Alcohol can interact – sometimes dangerously – with hundreds of medications. These include prescription pain relievers, antibiotics and drugs that help lower cholesterol, as well as headache, cold and allergy medications and dietary supplements sold over the counter (OTC).
Some of these interactions can make what you are taking less effective. For example, alcohol can weaken beta-blockers that treat certain types of heart disease. Alcohol interactions can also intensify a medication’s effects, like the sedating properties of opioid pain relievers and increase the risk of overdosing.
Alcohol is also sometimes an ingredient in OTC medications – certain cough syrups, dental gels and antidiarrheals, for example. Drinking an alcoholic beverage while using one of these products can cause you to become intoxicated sooner than you would have otherwise.
Alcohol/medication interactions are a serious problem. Research compiled by the U.S. Department of Health and Human Services Substance Abuse and Mental Health Services Administration (SAMHSA) in 2011 found that alcohol was a factor in about a quarter of all emergency department visits involving pharmaceuticals. Sometimes these interactions were inadvertent; alcohol and medications can interact harmfully even when they are not taken at the same time. Other times, people were trying to enhance the effects of a medication that was being used for illicit purposes.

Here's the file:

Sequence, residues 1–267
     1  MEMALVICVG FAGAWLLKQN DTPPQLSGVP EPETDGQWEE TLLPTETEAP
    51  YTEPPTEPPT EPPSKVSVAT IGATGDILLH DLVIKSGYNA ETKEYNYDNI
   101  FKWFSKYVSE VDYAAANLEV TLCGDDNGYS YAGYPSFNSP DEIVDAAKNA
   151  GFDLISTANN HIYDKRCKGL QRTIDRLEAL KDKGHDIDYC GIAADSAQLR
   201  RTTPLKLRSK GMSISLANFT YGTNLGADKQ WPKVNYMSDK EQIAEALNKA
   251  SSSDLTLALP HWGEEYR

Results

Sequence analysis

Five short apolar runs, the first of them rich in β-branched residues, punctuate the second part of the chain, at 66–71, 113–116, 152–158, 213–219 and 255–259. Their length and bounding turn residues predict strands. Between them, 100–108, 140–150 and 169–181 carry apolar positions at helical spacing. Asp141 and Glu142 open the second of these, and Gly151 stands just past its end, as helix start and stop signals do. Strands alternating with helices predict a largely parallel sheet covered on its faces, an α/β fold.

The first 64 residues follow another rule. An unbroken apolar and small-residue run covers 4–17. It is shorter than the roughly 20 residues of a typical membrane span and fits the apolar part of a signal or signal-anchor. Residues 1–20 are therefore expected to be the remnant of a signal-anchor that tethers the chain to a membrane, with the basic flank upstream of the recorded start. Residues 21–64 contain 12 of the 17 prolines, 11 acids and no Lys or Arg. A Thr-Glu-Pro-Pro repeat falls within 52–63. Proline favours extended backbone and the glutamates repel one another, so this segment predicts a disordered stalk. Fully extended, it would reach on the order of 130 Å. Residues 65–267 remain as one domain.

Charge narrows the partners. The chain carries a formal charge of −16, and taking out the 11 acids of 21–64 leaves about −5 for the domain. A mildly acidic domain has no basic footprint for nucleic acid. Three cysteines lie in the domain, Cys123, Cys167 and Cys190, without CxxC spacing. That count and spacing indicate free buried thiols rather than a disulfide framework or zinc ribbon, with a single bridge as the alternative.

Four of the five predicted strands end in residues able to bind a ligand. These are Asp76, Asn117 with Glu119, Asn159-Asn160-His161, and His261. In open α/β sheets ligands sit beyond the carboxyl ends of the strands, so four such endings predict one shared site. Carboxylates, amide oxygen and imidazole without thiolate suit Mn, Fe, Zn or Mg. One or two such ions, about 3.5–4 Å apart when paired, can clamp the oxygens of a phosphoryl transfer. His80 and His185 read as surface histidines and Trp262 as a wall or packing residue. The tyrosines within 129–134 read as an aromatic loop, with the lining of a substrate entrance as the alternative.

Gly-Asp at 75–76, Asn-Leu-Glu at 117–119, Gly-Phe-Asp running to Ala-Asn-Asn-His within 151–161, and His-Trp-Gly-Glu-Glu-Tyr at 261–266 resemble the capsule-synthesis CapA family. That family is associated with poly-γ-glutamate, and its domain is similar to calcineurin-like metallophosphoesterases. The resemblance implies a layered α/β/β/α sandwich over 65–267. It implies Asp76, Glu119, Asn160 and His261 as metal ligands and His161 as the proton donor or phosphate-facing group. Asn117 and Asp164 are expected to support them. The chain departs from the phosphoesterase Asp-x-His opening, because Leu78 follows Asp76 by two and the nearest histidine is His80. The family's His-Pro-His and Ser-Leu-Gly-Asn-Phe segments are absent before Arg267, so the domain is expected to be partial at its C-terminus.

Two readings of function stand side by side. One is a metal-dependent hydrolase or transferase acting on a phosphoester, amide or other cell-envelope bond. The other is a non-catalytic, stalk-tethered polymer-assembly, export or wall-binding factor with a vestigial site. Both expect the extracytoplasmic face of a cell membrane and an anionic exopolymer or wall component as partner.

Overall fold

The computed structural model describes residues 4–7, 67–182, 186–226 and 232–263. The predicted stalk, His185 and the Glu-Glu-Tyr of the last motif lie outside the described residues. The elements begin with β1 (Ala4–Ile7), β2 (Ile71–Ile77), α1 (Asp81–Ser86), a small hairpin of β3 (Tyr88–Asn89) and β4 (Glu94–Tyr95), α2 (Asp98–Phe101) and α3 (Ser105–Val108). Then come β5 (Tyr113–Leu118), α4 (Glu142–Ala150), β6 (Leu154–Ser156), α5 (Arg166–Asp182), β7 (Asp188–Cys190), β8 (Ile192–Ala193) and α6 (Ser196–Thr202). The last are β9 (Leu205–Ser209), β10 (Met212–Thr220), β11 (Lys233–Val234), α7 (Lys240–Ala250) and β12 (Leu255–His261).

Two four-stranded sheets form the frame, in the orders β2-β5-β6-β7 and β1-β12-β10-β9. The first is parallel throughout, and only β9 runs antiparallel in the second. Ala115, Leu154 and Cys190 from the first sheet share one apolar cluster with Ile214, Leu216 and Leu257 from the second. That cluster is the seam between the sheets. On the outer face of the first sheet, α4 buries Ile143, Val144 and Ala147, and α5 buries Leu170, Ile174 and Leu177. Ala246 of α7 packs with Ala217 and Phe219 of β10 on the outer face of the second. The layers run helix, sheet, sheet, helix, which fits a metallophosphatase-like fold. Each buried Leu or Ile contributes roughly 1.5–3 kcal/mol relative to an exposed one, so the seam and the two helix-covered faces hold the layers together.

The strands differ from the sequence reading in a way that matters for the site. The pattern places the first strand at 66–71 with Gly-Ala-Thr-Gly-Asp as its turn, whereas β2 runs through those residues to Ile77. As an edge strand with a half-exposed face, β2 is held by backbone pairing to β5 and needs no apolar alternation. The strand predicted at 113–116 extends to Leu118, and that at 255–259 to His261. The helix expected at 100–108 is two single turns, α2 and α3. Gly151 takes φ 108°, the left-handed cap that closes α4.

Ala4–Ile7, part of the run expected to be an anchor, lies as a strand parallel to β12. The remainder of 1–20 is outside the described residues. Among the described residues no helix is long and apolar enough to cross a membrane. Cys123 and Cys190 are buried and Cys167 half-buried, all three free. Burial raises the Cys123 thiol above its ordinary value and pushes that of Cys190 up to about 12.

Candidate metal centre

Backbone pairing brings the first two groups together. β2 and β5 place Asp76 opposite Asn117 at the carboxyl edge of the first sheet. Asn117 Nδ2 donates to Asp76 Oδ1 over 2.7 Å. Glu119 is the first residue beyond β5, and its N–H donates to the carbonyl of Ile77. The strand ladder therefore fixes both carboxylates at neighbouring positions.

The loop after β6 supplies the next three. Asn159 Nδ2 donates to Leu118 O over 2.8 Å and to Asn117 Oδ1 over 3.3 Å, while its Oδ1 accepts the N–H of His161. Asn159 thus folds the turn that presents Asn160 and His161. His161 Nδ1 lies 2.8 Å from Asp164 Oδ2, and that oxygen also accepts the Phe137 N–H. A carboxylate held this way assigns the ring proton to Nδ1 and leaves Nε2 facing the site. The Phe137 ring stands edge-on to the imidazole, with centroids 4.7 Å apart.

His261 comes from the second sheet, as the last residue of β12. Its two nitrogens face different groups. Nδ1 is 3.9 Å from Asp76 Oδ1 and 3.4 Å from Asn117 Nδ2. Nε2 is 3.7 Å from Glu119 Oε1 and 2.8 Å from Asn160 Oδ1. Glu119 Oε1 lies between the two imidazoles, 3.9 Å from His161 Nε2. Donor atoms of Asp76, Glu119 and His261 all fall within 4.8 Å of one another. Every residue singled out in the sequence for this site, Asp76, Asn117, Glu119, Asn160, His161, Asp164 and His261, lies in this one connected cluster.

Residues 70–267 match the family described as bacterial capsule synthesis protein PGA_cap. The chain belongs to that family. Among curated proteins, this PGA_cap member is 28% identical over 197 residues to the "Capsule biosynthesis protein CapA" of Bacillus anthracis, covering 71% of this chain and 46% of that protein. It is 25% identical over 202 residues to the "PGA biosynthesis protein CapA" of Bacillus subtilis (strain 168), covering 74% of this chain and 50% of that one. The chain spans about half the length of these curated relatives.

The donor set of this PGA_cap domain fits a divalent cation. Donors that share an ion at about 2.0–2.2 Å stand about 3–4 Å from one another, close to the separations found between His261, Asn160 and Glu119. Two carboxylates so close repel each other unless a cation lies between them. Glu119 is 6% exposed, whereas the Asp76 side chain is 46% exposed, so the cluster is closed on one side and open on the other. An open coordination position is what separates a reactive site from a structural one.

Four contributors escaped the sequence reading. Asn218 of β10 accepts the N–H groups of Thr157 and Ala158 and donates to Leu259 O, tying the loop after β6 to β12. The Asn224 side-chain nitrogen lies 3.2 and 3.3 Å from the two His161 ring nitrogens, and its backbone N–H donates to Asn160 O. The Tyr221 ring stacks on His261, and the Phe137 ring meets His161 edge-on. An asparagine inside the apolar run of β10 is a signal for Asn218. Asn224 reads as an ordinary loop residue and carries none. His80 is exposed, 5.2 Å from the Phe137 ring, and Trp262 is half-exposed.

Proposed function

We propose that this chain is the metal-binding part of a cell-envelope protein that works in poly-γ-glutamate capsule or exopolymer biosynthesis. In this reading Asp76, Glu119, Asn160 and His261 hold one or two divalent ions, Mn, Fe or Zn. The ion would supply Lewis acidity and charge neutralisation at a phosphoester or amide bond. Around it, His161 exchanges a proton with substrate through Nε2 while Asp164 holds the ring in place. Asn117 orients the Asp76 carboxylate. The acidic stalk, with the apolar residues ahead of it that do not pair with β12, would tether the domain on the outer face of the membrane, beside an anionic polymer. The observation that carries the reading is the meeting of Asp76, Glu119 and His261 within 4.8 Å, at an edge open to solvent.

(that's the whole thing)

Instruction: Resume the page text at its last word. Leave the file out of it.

You can protect yourself from dangerous alcohol/medication interactions by always reading medication labels and by always taking medication as directed. If you have questions about taking a medication and drinking alcohol, talk to your pharmacist. You can also go towww.drugs.com/drug-interactions/ethanol,ethyl-alcohol.